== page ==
Embracing a Past You'd Rather Forget...but Can't
A vignette of my past
I grew up in Chile, South America where driving a car was risky business especially in the cities. Traffic rules didn't apply and courtesy was unheard of. Needless to say that it was only in the country that my dad would allow me behind the wheel of his truck, and that only when he was riding shotgun. One day, I stalled the truck while straddling a railroad track. No big deal, except about then we heard a whistle as the train came into view around the bend. I calmly restarted the engine and drove off just in time. Then I freaked! I don't remember attempting to drive much after that.
Fast forward about seven years. I'm now a senior in high school. My parents are back in Chile, but I'm in a boarding school in Asheville, NC. The've left me to the care of an uncle. It was to his home that I'd go for Thanksgiving and Christmas. So it was to him I turned to teach me to drive and finally get my license. He was happy to oblige.
It took three tries at DMV before I walked away with the coveted card. The first time I drove over a curb. The second time I took the entire test with the hand break on. Wondered why I couldn't get the car out of second gear. No automatic shift in those days. Anyway, the officer was not at all impressed.
Now I've been driving for fifty years with only a few minor mishaps. Of my own making, of course.
In a fit of anger and discouragement I complained to my uncle that God had it in for me. Couldn't understand why it had been so hard to get what every teen in my life had already had for several years. I remember his words to this day and have repeated them often to others. "When you make a mistake or fail, even when you sin, God doesn't turn the clock back to before the incident, but rather shapes it into a platform on which He builds you into the person He wants you to be."
Far more horrendous
Compared to the experiences of others, my silly story runs the risk of being offensively inane. There's the woman who married her man only to find out he's a maniac, that after the birth of three children. Or the guy who squandered his life savings on a lottery ticket. Or the young person who did well over four years of college and a few more in grad-school only to find himself unemployable. Then there's the father who worked night and day to bring home a decent paycheck, but had little time for his children. Now he's aging and they're distant.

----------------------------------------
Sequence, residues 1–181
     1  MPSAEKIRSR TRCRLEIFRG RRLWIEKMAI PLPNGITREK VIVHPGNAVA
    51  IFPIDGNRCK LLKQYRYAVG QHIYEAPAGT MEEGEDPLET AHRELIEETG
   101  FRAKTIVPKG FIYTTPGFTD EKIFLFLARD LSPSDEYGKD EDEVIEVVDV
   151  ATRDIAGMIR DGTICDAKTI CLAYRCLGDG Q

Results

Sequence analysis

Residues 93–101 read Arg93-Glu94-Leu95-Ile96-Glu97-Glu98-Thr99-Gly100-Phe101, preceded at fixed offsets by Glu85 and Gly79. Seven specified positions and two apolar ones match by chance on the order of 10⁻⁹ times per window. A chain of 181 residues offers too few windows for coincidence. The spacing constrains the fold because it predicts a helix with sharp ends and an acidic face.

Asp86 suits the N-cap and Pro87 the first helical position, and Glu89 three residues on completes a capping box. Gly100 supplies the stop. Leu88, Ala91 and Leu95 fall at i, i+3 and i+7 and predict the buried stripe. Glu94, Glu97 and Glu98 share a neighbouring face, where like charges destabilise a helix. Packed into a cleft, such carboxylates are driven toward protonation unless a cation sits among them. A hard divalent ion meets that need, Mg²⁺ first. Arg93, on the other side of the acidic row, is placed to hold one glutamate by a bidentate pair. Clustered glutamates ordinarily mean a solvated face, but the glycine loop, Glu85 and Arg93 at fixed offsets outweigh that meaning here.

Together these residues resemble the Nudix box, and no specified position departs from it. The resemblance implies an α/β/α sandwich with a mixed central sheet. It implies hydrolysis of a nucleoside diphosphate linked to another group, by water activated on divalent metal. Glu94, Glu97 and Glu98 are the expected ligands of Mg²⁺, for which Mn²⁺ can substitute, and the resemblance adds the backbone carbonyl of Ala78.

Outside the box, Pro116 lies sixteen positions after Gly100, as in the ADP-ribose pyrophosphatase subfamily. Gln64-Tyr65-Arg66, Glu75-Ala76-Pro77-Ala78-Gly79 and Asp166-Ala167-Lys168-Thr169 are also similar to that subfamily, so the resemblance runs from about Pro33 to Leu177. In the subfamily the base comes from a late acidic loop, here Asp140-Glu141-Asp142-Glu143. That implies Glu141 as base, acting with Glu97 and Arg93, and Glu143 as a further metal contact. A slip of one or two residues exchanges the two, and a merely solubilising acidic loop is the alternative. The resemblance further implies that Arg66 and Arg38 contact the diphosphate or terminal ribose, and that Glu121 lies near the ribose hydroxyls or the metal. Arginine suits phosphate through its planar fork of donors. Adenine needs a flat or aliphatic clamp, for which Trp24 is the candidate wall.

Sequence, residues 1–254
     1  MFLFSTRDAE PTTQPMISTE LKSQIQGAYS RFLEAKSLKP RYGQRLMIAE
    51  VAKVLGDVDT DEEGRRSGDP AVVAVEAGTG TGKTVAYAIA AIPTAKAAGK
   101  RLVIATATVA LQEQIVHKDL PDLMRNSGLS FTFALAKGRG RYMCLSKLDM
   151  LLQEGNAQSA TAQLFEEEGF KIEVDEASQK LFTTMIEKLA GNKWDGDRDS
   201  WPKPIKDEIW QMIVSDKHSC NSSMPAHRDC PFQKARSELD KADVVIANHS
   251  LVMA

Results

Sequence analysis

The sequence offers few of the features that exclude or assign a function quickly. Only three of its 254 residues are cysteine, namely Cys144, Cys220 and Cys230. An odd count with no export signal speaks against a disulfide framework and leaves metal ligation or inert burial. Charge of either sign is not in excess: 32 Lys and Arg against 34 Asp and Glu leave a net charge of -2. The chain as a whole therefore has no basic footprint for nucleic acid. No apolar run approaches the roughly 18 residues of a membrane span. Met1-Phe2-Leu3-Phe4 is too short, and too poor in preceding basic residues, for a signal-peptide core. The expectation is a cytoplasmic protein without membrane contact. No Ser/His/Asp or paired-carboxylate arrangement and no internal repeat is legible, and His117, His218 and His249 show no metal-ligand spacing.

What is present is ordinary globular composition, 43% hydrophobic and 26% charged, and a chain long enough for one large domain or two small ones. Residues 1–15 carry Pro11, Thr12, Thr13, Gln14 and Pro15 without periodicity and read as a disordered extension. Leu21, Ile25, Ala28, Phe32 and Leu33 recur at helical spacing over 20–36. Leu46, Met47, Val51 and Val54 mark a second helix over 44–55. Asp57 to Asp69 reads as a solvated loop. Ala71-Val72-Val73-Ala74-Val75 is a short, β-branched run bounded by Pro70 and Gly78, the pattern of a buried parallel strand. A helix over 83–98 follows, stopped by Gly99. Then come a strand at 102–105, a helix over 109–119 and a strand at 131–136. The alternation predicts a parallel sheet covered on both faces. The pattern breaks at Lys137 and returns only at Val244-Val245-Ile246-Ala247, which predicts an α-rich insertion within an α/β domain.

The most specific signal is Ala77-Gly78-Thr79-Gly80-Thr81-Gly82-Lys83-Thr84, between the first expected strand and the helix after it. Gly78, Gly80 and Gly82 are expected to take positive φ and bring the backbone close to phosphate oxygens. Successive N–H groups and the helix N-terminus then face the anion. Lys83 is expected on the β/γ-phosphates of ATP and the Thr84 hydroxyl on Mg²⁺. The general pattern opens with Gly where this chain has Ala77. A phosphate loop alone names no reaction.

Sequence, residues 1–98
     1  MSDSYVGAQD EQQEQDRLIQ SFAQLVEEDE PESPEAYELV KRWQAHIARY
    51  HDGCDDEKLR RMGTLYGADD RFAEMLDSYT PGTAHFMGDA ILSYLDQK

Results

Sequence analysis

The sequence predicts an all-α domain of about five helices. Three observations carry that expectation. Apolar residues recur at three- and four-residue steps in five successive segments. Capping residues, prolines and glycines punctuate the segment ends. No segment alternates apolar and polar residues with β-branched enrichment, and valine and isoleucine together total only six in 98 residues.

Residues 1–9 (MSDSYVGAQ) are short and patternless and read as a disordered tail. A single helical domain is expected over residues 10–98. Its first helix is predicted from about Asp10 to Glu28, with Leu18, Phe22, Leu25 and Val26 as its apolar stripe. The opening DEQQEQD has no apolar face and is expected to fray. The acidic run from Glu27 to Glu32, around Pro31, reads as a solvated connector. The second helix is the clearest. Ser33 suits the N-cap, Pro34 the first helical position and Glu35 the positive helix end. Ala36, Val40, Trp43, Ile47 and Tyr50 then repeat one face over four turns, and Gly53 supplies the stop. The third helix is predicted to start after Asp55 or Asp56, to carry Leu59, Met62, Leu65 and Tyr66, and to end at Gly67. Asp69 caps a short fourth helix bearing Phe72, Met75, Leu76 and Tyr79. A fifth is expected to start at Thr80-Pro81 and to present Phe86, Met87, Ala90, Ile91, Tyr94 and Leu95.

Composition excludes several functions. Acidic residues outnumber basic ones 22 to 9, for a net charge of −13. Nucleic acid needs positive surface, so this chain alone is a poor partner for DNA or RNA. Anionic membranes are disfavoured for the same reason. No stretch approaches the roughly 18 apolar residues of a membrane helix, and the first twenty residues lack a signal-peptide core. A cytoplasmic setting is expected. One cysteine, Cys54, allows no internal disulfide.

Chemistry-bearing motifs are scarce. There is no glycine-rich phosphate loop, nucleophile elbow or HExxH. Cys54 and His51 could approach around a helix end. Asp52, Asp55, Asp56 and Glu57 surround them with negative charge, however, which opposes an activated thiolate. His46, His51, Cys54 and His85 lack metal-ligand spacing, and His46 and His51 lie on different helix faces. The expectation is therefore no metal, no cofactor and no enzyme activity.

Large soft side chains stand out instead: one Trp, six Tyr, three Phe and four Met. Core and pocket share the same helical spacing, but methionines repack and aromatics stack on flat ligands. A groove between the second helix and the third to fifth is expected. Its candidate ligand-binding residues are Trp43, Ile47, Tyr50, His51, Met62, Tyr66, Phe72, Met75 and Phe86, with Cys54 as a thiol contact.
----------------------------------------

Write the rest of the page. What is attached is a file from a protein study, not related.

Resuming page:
The reader will add a dozen more stories of past mistakes, some deliberate some unwitting, but now irreversible. What they all have in common is that no matter how penitent one may be or how sincerely sorry, there's absolutely nothing one can do to turn back the clock. Perhaps the younger person can look at such incidents and comfort himself in that he's got plenty of life left to do better and drown out youthful excesses. But the older person will find that pipe dream of little comfort.
As far as the East is from the West
So what does that mean if all I have left is the bitter consequences of events I can't undo? When in the depth of despair God's promises sometimes feel like a taunt. Here's the broader context of Psalm 103.
For as high as the heavens are above the earth, so great is his steadfast love toward those who fear him; as far as the east is from the west, so far does he remove our transgressions from us. As a father shows compassion to his children, so the Lord shows compassion to those who fear him. For he knows our frame; he remembers that we are dust. (Psalm 103:11-14)
The whole psalm is worth reading. Clearly a connection analogous to a father/son relationship is envisioned here. Every wise parent knows that allowing a child to experience in a measured way the consequences of his peccadillo is a great training plan. The assurance of Psalm 103 is that our Heavenly Father will not condemn us for our sin, however there's no hint that he won't allow us to experience their consequences in this life. What's certain is that He is compassionate and knows our limits. He will not allow those consequences to destroy us. So Paul wrote to the Corinthians.
No temptation has overtaken you that is not common to man. God is faithful, and he will not let you be tempted beyond your ability, but with the temptation he will also provide the way of escape, that you may be able to endure it. (I Cor.10:13)
It boils down to faith
Do you believe God's got it under control? or not? Do you know Him as your Heavenly Father? or not? Do you accept his loving management of your life? or not? Do you look for his presence in your life? Or do you just want his goods?
If it's the latter of each of these couplets, I'm not surprised that your past overwhelms you and kicks you into the pit. But if, in fact, you embrace God though faith in his Son, Jesus Christ, and know him in the manner I suggest above your past need not undo you.
Certainly there are lingering pangs of remorse, moments of sadness over past foolishness and passing anxieties over what could have been. But God's active presence not only makes them manageable, but makes you able to enjoy his blessing.
I've stopped asking God to make things better for me or for those I love. If He's already in loving control my present experience is a good one. Instead I ask him to open my eyes to his presence. I want to gaze with the eye of faith on the Lord's "horses and charriots of fire" surrounding all who call upon him.
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